Once I’d recovered from my illness, I visited Tierra del Fuego National Park. I was lucky here – the weather was great and it stayed great all day. I walked for a couple of hours along the shores of Lago Roca, reaching the border with Chile. There’s a marker that says ‘don’t go beyond here’ but nothing to stop you entering Chile illegally except a vague suspicion that there could be soldiers in the woods. It really emphasises how ridiculously arbitrary national borders are, and I put a foot across before walking back.
I really liked Ushuaia, and Tierra del Fuego, and I would happily have spent much longer there. But my time was not unlimited, and having reached the very bottom of South America, I had just under three months to make it to the Equator. It somehow seemed improbable that I would be able to get there at all from this far flung corner of the continent. There was, though, still much to see in Patagonia, and I bought a bus ticket to Puerto Natales back in Chile, from where I was going to visit one of Patagonia’s legendary sights – the Torres del Paine. The bus left at 5.30am the next morning.
I had an awesome day’s travelling. I was up at 4.30am, and after a quick bowl of porridge I set out into the cold morning to catch the bus to Río Grande. Various other backpacked figures were emerging into the semi-darkness from hostels along the road, and we all trooped in tired silence towards the bus stop. A blazing sunrise was starting by the time we left for Ushuaia at 5.30am, and no clouds troubled the clear blue skies until the sun was setting 16 hours later.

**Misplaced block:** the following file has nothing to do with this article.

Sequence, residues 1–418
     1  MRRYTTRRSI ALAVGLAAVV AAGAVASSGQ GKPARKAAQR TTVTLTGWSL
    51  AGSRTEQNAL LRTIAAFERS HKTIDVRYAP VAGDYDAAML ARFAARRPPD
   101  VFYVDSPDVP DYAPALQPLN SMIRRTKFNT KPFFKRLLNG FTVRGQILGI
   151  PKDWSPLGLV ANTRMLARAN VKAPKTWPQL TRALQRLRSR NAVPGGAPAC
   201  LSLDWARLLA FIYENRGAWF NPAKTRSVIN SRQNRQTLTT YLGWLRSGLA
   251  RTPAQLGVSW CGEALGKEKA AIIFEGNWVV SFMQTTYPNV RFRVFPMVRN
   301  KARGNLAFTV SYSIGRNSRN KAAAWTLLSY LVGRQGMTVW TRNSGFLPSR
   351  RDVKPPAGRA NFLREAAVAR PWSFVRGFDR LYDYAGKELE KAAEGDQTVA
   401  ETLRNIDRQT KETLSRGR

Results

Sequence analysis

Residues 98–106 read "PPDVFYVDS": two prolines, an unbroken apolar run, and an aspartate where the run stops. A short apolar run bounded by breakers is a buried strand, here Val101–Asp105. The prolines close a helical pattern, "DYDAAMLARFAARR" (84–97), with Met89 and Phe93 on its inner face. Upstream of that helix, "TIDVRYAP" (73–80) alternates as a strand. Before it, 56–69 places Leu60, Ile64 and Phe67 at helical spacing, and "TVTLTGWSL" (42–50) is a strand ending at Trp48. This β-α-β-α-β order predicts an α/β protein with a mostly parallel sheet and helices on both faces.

We stopped for breakfast at Tolhuin, on the eastern side of Tierra del Fuego, and I got a coffee and a couple of empanadas. I watched the empty plains drift by as we rolled on towards Río Grande, spotting just the occasional guanaco or two. We arrived at about 9am, and caught a bus to Punta Arenas, across the Straits of Magellan in Chile. This bus was largely occupied by a depressing group of about 20 fussy women and henpecked husbands, and as I was in a travel-snobbish mood I avoided letting any of them know I was English lest they talk to me.
As we boarded the boat to cross the straits, I realised there were two depressed young people who’d somehow ended up on the same tour as the awful group, and I chatted to them as we crossed. Their relief at a temporary escape from their nightmare travelling companions was palpable. As on the previous crossing, small black-and-white dolphins accompanied us across, leaping from the waves in groups of two or three. It was a beautiful sight in the warm sunshine.